Intelligence is one of the most highly researched topics in psychology. Thousands of research articles are published each year on the nature and measurement of intelligence. New journals such as Intelligence and The Journal of Psychoeducational Assessment have flourished in response to the scholarly interest in this topic. Despite this burgeoning research literature, the definition of intelligence remains elusive, wrapped in controversy and mystery. In fact, the discussion that follows will illustrate a major paradox of modern testing: Psychometricians are better at measuring intelligence than conceptualizing it!

    Even though defining intelligence has proved to be a frustrating endeavor, there is much to be gained by reviewing historical and contemporary efforts to clarify its meaning. After all, intelligence tests did not materialize out of thin air. Most tests are grounded in a specific theory of intelligence and most test developers offer a definition of the construct as a starting point for their endeavors. For these reasons, we can better understand and evaluate the multifaceted character of contemporary tests if we first review prominent definitions and theories of intelligence. Debating Ability Testing Discussion



    8/4/2019 Print,ch05lev1sec1,ch05lev1sec2,ch05lev1sec3,ch05lev1sec4,ch05lev1sec5,ch05lev1… 3/79

    5.1 DEFINITIONS OF INTELLIGENCE Before we discuss definitions of intelligence, we need to clarify the nature of definition itself. Sternberg (1986 ( ) makes a distinction between operational and “real” definitions that is important in this context. An operational definition ( defines a concept in terms of the way it is measured. Boring (1923 ( ) carried this viewpoint to its extreme when he defined intelligence as “what the tests test.” Believe it or not, this was a serious proposal, designed largely to short-circuit rampant and divisive disagreements about the definition of intelligence.

    Operational definitions of intelligence suffer from two dangerous shortcomings (Sternberg, 1986 ( ). First, they are circular. Intelligence tests were invented to measure intelligence, not to define it. The test designers never intended for their instruments to define intelligence. Second, operational definitions block further progress in understanding the nature of intelligence, because they foreclose discussion on the adequacy of theories of intelligence.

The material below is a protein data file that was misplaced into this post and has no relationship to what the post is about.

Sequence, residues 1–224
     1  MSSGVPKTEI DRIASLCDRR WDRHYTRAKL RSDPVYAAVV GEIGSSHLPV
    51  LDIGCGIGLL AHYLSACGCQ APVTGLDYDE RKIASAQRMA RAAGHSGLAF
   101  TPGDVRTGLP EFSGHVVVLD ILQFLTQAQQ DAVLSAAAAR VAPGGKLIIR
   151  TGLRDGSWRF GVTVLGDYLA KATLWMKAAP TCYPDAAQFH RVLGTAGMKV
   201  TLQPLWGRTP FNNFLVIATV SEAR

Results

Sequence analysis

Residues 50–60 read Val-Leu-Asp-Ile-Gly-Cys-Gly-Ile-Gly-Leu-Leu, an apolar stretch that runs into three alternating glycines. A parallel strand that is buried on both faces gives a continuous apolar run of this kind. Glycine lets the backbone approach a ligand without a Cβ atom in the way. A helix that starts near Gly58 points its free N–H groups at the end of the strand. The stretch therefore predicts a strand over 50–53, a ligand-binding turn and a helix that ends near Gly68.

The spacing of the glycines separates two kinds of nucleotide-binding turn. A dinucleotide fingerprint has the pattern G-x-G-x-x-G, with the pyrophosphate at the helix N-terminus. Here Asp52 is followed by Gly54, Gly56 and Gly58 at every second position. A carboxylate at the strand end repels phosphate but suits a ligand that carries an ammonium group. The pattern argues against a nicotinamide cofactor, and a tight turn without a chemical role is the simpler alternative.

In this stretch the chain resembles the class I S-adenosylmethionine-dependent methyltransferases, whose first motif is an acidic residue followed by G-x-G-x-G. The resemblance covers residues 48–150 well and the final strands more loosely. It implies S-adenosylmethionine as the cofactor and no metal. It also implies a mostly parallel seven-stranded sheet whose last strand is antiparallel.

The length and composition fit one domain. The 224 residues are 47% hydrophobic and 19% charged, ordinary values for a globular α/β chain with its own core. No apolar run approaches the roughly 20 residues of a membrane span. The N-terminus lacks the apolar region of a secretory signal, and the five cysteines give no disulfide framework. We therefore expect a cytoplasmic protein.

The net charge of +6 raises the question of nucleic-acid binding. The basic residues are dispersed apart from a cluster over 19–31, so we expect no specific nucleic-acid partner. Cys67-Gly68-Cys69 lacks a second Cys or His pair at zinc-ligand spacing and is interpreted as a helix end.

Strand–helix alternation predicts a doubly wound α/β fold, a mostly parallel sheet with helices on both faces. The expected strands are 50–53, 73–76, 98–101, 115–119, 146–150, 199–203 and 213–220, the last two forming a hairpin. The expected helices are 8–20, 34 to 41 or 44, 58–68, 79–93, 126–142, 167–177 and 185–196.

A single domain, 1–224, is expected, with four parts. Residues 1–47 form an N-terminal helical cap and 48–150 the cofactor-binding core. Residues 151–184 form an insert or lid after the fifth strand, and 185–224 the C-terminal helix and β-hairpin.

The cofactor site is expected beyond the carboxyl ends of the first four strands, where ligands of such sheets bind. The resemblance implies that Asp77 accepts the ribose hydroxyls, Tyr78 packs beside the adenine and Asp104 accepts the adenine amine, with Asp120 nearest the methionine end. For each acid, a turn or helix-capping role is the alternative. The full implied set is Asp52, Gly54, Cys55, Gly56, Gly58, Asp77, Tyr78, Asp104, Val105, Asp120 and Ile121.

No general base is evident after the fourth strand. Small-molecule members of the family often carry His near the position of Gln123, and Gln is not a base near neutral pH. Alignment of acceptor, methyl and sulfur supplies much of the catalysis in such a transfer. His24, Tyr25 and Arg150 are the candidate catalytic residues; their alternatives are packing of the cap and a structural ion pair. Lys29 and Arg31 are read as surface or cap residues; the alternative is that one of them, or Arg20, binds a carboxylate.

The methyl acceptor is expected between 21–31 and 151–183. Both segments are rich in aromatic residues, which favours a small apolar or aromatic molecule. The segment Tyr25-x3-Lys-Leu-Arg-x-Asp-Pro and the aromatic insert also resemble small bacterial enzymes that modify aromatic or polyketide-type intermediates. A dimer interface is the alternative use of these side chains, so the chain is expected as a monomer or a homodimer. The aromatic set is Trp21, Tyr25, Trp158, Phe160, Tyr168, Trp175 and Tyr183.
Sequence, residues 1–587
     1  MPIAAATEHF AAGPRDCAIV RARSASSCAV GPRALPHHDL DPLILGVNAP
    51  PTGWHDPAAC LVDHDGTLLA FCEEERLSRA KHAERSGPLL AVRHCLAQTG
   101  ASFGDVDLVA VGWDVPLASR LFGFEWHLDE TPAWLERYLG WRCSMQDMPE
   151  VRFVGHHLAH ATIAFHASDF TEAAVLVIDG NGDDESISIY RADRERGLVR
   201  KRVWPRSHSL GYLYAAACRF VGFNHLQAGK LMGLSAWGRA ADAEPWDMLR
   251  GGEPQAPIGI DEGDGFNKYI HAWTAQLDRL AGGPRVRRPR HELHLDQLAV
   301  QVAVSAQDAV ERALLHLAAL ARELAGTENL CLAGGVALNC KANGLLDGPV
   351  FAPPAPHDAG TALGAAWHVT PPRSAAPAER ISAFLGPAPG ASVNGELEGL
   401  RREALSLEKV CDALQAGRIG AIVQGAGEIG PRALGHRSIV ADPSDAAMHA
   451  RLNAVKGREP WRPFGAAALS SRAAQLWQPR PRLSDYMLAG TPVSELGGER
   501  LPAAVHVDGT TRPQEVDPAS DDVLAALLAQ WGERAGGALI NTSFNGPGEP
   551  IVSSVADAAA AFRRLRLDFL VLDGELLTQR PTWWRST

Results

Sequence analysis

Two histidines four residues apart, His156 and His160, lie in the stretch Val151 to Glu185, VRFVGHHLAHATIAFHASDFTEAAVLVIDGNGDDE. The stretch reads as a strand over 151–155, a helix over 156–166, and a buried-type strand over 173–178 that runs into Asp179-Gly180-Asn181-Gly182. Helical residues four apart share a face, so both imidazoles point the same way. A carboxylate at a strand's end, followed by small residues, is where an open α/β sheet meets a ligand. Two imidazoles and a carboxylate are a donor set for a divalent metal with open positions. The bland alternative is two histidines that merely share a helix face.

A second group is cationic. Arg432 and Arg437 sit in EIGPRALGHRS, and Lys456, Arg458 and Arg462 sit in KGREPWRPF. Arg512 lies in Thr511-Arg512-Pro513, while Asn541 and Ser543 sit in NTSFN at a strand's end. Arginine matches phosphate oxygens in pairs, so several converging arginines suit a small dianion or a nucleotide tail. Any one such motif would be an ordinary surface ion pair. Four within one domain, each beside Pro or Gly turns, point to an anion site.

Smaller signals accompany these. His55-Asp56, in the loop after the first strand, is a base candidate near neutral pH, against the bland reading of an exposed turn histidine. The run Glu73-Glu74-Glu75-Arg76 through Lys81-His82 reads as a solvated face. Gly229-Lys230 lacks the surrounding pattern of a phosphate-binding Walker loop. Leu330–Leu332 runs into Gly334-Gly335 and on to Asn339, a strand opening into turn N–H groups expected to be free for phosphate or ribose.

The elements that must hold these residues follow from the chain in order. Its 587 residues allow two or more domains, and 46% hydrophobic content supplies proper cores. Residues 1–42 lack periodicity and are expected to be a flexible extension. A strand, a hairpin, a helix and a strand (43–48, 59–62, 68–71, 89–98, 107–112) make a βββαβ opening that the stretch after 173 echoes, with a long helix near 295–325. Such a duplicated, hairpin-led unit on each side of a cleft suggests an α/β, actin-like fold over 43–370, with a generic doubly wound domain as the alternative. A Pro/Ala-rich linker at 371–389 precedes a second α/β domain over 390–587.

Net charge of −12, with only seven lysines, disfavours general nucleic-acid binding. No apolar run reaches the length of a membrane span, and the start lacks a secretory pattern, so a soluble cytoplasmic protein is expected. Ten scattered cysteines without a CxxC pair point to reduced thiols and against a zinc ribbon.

This second problem—the potentially stultifying effects of relying on operational definitions of intelligence—casts doubt on the common practice of affirming the concurrent validity of new tests by correlating them with old tests. If established tests serve as the principal criterion against which new tests are assessed, then the new tests will be viewed as valid only to the extent that they correlate with the old ones. Such a conservative practice drastically curtails innovation. The operational definition of intelligence does not allow for the possibility that new tests or conceptions of intelligence may be superior to the existing ones.

    We must conclude, then, that operational definitions of intelligence leave much to be desired. In contrast, a real definition ( is one that seeks to tell us the true nature of the thing being defined (Robinson, 1950; Sternberg, 1986 ( ). Perhaps the most common way—but by no means the only way—of producing real definitions of intelligence is to ask experts in the field to define it. Debating Ability Testing Discussion

    Expert Definitions of Intelligence Intelligence has been given many real definitions by prominent researchers in the field. In the following, we list several examples, paraphrased slightly for editorial consistency. The reader will note that many of these definitions appeared in an early but still influential symposium, “Intelligence and Its Measurement,” published in the Journal of Educational Psychology (Thorndike, 1921 ( ). Other definitions stem from a modern update of this early symposium, What Is Intelligence?, edited by Sternberg and Detterman (1986 ( ). Intelligence has been defined as the following: